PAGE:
I’ve complained at times that the sins I confess do not go away. God says they will . . .
If we confess our sins, he is faithful and just to forgive us our sins and to cleanse us from all unrighteousness. (1 John 1:9)
However, He has shown me that a persistent disobedience takes more than one confession. That is, I might confess the action (such has speaking ill of someone) but have not confessed or even realized the heart of the matter — I did that action because I’m selfish. The action is forgiven, but the attitude is still there.
Chambers points to a king in ancient Israel whose heart was true to God, but his actions did not reflect it . . .
But the high places were not taken out of Israel. Nevertheless, the heart of Asa was wholly true all his days. (2 Chronicles 15:17)
My problem shows a mismatched external-internal obedience. Asa’s problem was the same, only reversed. His heart was right but he was not following through with his actions. For this, Chambers says, “Beware of anything of which you say—‘Oh, that does not matter much.’”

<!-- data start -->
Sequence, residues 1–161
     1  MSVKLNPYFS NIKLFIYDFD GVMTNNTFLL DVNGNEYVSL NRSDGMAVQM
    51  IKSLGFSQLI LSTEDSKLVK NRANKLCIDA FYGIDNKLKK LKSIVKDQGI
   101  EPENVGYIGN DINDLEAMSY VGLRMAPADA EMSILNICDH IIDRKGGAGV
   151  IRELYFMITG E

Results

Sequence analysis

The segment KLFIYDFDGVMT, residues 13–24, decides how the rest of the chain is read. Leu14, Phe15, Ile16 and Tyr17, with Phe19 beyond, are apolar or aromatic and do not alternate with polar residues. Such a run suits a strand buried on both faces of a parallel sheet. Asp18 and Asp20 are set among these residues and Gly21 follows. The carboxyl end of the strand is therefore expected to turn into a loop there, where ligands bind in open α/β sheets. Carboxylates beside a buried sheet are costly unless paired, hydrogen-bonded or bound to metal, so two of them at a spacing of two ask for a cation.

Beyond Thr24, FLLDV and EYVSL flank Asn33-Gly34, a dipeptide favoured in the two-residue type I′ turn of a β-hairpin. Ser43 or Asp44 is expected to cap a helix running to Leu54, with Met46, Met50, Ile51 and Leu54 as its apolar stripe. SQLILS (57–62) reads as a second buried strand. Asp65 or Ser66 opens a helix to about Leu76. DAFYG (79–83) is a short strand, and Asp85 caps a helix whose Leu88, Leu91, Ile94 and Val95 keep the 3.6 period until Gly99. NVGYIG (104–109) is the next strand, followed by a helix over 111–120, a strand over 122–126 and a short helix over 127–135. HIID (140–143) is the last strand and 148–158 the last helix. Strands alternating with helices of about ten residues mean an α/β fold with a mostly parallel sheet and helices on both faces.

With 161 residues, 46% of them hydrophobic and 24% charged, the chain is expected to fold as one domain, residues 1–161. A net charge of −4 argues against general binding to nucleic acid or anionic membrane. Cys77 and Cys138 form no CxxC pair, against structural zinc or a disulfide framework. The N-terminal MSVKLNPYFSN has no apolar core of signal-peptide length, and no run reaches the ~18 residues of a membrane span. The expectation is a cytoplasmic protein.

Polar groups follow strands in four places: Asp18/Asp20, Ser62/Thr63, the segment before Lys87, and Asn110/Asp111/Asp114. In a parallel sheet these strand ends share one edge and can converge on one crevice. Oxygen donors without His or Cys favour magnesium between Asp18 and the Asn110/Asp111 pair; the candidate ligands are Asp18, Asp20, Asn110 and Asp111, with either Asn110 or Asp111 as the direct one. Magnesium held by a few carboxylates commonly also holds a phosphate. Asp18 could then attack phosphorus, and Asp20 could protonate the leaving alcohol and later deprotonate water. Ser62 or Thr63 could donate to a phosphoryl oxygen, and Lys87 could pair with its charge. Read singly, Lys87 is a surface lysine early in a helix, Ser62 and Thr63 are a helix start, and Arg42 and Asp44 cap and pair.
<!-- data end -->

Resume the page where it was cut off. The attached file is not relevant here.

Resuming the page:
God is very patient, but He is also very thorough. If He were weeding a garden, He would not stop until every last weed is gone, every dead leaf removed, every wilted flower deadheaded. My life is like that garden. Weeds are persistent and worse if I don’t care about the flaws in my garden. But God cares, and He will keep at weeding until I respond.
If I profess to be right with God, yet those “high places” remain, then disobedience exists somewhere. Chambers says it will show itself in doubt. I will be uncertain of all being okay between me and my Savior. It might be in my physical life, or my thought life, and something unseen or not noticeable to others, which can make it easier for me to keep it rather than letting God weed it out.
It might also be a lack of spiritual concentration. Chambers says that I cannot have a moral holiday and remain moral, nor can I take a spiritual holiday and remain spiritual. God wants me to be entirely his, and this means that I must keep myself fit. This takes full concentration.
Such spiritual discipline could be compared to shedding a few pounds. The desire is there, the prayers happen, but when the chocolate cake shows up, all desire switches to “I must have that” and the praying stops. I’ve even said to myself that this or that snack doesn’t really matter.
Shedding those “doesn’t matter much” indulgences takes a tremendous amount of time, effort and concentration. I’ve even thought that I could ‘clear that unwanted stuff’ in a few weeks, but it has been years of neglect, bad habits, and excuses that put them there, and it may take years of spiritual concentration before God gives victory and the junk is removed.